On my deathbed, I don’t want to be scared of facing my Lord,” Kubra Khan.
While the season is giving us many spectacular dramas. Lovestory/PsychoThriller Yeh Dil Mera to Soap opera-ish/Danielle Steele-esque MPTH, and resounding Social commentary with Ruswai, but for some – it is Alif that is actually offering fresh, thought-provoking content that is appealing to the finer senses.
Most dramas tend to woo audiences with a star cast, costumes, slick sets, sharp direction, stellar performances and of course, crisp dialogue. Alif has chosen to go the quiet way. It is doing all of the above, but without any explicit shosha, loud banners or social media shout-outs, (unlike, ahem, close competitor MPTH). What it IS doing however is, touching souls. And not only those of the viewers, but the actors as well.
First it was Hamza Ali Abbasi, who announced his spiritual awakening on YouTube, and now it’s Kubra Khan, who has been sufficiently touched by the story line to feel she might be treading a more spiritual path in life.
What makes Alif’s story so powerful that it resonates so deeply with performers and audiences alike?
1. Does Alif tell us not to judge?
Alif gives us dialogues that stir something deep within our tired souls.
“Everyone’s journey towards Allah is different.” When the calligraphy teacher explains this to dada, we realize that we are in no position to judge each other’s actions. We are each on our own path and how we reach our destination will be different. Where we are on our road is also different. So let’s focus on our own journeys rather than those of others.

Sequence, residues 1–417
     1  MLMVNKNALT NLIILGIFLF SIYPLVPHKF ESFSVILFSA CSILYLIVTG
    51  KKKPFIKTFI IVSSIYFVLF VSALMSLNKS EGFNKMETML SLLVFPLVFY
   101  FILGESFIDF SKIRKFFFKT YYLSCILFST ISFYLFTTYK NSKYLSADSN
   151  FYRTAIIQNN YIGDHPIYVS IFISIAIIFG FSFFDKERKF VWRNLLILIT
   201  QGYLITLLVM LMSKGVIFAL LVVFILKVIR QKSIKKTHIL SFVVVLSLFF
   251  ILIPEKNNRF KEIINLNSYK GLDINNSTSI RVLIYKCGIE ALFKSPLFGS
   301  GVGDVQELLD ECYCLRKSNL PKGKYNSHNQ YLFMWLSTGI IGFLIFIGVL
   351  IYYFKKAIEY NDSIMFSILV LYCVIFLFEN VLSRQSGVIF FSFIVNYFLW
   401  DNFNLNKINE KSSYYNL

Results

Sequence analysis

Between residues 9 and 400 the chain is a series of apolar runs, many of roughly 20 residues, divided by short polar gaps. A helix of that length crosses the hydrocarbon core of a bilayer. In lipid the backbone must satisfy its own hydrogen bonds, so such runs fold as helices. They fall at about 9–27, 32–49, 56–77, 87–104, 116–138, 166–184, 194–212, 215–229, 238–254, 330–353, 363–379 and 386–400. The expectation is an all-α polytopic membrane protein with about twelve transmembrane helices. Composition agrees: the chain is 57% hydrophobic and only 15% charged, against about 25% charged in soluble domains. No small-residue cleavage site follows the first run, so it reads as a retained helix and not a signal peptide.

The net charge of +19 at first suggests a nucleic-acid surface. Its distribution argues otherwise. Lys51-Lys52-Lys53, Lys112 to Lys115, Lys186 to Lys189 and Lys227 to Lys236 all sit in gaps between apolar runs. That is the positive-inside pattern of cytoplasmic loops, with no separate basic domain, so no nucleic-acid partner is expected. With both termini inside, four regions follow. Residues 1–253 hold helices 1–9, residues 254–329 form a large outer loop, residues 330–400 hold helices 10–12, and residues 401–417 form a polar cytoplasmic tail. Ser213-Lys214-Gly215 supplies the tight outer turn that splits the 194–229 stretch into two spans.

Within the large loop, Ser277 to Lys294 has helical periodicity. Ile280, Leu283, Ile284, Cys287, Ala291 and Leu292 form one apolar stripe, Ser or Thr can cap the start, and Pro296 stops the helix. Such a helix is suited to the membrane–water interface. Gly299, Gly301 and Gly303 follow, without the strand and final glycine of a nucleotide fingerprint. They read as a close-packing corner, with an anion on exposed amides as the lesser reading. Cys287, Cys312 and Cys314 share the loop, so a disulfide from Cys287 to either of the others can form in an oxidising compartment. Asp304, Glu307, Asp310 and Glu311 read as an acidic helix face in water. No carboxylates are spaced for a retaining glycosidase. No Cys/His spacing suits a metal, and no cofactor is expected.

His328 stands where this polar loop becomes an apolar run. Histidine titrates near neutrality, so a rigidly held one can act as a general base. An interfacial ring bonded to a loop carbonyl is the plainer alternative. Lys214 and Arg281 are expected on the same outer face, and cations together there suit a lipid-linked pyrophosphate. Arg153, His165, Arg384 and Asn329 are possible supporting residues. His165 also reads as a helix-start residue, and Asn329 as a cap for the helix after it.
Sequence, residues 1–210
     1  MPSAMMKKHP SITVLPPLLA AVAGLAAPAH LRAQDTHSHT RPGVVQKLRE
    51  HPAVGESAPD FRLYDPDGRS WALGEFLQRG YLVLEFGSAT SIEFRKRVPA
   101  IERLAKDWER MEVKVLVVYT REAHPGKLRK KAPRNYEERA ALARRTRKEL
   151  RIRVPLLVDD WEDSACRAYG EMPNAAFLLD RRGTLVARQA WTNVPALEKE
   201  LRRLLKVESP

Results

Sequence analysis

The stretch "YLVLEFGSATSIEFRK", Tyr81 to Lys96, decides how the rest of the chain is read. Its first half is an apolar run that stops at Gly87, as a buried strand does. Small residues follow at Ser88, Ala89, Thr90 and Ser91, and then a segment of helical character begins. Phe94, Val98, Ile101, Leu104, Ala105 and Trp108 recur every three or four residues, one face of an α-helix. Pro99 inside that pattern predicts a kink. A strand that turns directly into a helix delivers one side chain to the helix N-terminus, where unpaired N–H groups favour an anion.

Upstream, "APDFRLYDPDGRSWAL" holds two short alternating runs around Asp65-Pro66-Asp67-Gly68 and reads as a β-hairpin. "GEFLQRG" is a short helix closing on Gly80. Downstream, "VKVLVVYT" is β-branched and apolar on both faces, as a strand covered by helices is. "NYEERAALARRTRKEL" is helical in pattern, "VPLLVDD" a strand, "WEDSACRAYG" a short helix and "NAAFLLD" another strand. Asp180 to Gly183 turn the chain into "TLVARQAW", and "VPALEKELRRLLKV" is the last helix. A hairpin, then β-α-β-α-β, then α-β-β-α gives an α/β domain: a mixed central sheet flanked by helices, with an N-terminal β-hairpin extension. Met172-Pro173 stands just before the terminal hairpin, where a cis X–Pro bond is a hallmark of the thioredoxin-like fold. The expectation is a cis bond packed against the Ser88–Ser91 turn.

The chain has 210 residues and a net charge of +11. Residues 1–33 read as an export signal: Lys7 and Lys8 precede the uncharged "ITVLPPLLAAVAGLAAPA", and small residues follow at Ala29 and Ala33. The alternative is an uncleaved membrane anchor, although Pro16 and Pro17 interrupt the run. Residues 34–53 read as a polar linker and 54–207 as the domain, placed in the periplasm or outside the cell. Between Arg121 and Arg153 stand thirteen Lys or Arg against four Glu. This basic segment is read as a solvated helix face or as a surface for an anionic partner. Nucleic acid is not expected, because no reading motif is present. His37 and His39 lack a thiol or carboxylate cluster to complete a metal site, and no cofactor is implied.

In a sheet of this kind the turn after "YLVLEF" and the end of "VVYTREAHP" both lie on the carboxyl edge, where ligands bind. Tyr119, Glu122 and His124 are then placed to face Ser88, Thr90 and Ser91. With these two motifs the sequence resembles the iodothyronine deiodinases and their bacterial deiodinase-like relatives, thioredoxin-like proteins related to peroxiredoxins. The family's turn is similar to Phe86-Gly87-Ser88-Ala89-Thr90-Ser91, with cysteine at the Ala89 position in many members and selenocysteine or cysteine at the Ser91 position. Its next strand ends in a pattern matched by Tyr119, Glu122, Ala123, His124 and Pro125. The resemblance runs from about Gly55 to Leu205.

2. Is Alif teaching us how to be happy, or at least, making us question our ‘happiness’?
When dada asked Qalb-e-Momin: “Kya tum Khush Ho?” How many of us asked ourselves the same question?
Does happiness mean amassing wealth, fame or popularity? Does it mean having limitless power or authority? Or, does happiness mean a good night’s sleep?
‘The man who can sleep well at night, is the man free from all worries.’
This phrase couldn’t ring more true when the restful dada sleeps on peacefully as the restless Qalb-e-Momin lies awake. How many among us felt Momin’s pain? Happiness might not mean what we thought it did. Is it really about spirituality, or is this just a fictional drama? Our conscience is awakened but only just, yet our curiosity is piqued just enough, so we watch successive episodes to know more. Perhaps the restless among us want to learn the secret to a good night’s sleep from dada and we hope he will divulge it soon! Which brings us to our next point.
3. Do we all need a Dada in our lives?
Momin’s dada is the voice of conscience. In a world where we are so busy interacting with friends, family and colleagues, do we even have time to interact with our selves? Do we ignore that inner voice that echoes what we really want, but we dismiss it in haste or disregard the significance of it in a crazy race to the goalpost (ticking off our life achievements on a mind map) to achieve everything we think we want in life?